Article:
Job Description:

Tilers tile walls and floors in kitchens, bathrooms, shops and restaurants, using materials like ceramics, slate and marble.

Job Category:
Engineering & Construction

What you will do:

Day-to-day, you will:

  • talk to the client about the materials they want to use
  • repair or remove old tiles and surfaces
  • prepare surfaces by levelling off with plaster, sand or cement
  • mark out the area to estimate the amount of tiles and adhesive needed
  • cut tiles to size and shape with hand-cutters or bench-mounted tools
  • fix tiles in place and apply adhesives before finishing


You’ll need:

  • knowledge of building and construction
  • knowledge of maths
  • to be able to carry out basic tasks on a computer or hand-held device

As well as:

  • to be thorough and pay attention to detail
  • the ability to work on your own
  • the ability to work well with others (teamwork skills)
  • the ability to accept criticism and work well under pressure
  • the ability to work well with your hands
  • the ability to organise your time and workload (organisational skills)
Illustration of employee looking at workspace

Entry Requirements:

To become a tiler, you don’t typically need specific qualifications, but certain subjects and skills can be valuable in preparing for this career. Tiling is a skilled trade that involves installing tiles on surfaces such as floors and walls. Here are some relevant subjects and skills:

  1. Mathematics: Basic math skills are important for measuring and calculating dimensions, areas, and tile quantities accurately.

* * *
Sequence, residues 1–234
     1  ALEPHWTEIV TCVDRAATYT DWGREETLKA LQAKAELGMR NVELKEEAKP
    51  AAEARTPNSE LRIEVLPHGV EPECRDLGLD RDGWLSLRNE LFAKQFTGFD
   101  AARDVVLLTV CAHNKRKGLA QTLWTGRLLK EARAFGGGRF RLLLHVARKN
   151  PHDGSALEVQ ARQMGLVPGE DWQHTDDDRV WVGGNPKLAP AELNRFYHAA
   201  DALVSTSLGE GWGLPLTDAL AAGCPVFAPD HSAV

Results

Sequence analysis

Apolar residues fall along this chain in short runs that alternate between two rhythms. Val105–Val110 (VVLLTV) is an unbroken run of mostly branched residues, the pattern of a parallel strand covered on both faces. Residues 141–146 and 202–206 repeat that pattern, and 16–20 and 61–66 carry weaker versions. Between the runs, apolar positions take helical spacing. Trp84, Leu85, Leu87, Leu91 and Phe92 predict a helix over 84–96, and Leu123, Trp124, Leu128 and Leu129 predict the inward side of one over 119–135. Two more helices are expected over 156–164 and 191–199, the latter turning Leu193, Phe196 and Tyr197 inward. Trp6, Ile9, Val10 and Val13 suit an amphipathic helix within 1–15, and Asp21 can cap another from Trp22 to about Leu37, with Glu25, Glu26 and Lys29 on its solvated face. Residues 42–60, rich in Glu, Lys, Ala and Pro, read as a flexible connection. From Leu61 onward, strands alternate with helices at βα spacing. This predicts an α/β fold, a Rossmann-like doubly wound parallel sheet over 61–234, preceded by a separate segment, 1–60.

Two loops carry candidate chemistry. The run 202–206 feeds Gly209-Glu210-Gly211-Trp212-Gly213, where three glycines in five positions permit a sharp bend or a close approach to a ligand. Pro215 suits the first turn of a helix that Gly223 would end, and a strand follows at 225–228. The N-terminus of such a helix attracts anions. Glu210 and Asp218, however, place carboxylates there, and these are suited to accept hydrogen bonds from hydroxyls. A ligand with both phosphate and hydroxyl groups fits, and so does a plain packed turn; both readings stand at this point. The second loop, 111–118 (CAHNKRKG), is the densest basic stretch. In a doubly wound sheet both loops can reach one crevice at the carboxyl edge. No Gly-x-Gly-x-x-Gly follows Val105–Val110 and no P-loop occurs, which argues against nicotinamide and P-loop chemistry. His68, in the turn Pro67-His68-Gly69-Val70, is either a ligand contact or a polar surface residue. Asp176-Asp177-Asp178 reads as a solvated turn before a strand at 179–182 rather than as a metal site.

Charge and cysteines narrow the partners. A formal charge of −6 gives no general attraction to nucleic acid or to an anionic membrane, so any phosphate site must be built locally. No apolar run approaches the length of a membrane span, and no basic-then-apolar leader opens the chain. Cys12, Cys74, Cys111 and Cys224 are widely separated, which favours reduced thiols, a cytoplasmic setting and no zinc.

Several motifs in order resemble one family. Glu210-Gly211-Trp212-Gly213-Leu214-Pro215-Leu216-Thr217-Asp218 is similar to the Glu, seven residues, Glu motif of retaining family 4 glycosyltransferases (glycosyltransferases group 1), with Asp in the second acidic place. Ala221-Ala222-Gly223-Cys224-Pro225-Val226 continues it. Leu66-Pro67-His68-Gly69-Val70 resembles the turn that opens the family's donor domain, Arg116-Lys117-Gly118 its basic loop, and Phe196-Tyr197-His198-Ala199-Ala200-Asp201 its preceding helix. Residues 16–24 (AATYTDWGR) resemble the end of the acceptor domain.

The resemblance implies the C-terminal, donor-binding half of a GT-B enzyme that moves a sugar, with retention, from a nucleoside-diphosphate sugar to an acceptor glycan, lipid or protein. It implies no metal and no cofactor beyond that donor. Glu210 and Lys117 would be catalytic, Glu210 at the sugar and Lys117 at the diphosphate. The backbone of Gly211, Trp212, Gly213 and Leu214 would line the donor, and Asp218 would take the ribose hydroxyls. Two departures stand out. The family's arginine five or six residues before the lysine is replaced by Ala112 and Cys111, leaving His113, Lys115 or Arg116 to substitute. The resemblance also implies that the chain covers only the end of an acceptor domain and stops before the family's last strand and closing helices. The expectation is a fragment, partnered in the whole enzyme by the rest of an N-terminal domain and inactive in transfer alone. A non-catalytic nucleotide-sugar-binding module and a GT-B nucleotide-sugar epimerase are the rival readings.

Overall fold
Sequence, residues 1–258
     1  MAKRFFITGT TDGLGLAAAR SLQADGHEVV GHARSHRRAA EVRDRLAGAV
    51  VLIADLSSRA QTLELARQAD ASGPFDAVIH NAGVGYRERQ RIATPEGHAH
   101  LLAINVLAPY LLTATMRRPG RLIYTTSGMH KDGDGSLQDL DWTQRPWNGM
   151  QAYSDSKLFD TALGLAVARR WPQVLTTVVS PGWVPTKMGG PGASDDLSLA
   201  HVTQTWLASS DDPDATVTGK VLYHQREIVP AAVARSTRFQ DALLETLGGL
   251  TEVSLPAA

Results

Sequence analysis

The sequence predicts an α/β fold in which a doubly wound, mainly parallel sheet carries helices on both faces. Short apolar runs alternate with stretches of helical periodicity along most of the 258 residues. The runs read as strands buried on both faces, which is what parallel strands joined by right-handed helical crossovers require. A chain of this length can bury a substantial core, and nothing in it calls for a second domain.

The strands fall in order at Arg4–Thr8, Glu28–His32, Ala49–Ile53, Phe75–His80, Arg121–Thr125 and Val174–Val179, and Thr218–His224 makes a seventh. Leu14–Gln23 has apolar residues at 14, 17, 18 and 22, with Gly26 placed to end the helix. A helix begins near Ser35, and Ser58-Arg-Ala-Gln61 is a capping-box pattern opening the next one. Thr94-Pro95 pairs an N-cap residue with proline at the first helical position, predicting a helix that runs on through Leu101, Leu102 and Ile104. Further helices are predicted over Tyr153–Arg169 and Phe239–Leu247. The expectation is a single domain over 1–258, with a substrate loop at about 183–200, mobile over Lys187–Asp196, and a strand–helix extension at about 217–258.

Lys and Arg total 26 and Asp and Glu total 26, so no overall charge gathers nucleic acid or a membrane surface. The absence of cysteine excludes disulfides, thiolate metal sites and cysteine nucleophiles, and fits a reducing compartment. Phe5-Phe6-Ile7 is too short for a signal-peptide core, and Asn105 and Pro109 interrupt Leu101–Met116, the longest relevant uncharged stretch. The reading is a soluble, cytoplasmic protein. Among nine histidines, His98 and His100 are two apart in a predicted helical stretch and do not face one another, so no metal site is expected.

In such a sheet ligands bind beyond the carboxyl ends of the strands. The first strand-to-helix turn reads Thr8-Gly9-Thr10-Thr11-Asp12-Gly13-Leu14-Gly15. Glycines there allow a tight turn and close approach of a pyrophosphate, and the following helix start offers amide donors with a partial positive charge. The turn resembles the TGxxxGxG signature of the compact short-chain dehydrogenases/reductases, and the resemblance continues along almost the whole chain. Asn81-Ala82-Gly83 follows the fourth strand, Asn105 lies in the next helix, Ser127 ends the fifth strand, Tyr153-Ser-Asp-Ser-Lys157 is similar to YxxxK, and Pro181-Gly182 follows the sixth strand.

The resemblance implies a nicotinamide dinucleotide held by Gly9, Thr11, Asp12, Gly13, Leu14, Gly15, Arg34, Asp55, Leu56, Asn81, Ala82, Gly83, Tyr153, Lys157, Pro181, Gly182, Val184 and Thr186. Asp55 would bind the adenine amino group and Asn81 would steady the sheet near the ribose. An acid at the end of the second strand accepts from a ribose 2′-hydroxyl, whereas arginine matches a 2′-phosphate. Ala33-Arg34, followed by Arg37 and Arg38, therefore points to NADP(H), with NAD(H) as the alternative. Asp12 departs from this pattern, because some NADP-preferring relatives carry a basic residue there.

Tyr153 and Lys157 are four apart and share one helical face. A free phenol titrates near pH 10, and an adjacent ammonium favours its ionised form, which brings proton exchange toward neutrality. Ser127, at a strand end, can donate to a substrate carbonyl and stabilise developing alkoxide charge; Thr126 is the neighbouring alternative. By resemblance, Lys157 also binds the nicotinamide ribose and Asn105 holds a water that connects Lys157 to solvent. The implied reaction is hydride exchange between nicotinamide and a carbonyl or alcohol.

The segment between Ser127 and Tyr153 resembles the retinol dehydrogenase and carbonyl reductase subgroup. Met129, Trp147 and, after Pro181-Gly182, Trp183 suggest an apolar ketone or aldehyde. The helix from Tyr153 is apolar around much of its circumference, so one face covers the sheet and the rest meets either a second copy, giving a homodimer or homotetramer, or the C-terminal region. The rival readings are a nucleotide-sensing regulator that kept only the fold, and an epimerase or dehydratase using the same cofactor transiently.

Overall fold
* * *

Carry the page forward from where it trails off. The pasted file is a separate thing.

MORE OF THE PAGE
2. Design and Technology: Courses related to design and technology can help you develop practical skills in working with tools and equipment, which are essential for tiling tasks.
  3. Art and Design: Developing an eye for aesthetics and attention to detail is crucial for creating visually pleasing tile patterns and layouts.
  4. ICT (Information and Communication Technology): Proficiency in using computers can be beneficial for reading technical drawings and patterns, accessing online resources, and documenting work.
  5. English: Effective communication skills are important for understanding and following instructions, working with clients, and interacting with colleagues.
  6. Construction or Carpentry: If your school offers courses in construction or carpentry, these can provide a solid foundation for understanding building structures and surfaces on which tiles are installed.

Post School

You can get into this job through:

  • a college course
  • an apprenticeship
  • working towards this role

You could take a college course to learn some of the skills needed to do this job. UK courses include:

  • Level 1 Certificate in Wall and Floor Tiling
  • Level 2 Diploma in Wall and Floor Tiling

Some colleges offer short courses in tiling that you can try before deciding whether to take a longer course that leads to a qualification.

You can get into this career through a wall and floor tiling intermediate apprenticeship.

You may be able to start work as a site labourer or tiler’s ‘mate’ and do further training on the job to qualify as a tiler.

Working Hours and Environment:

Typically you could work 42 to 44 hours a week, occasionally including evenings or weekends.

You could work at a client’s home, at a client’s business or on a construction site.

Your working environment may be dusty, noisy and physically demanding.

You may need to wear safety clothing and use safety equipment.

Career Path & Progression:

With experience and extra training, you could become a site supervisor, clerk of works, estimator or contract manager.

You could also work as a trainer and assessor on tiling courses, teach at a further education college, or set up your own business.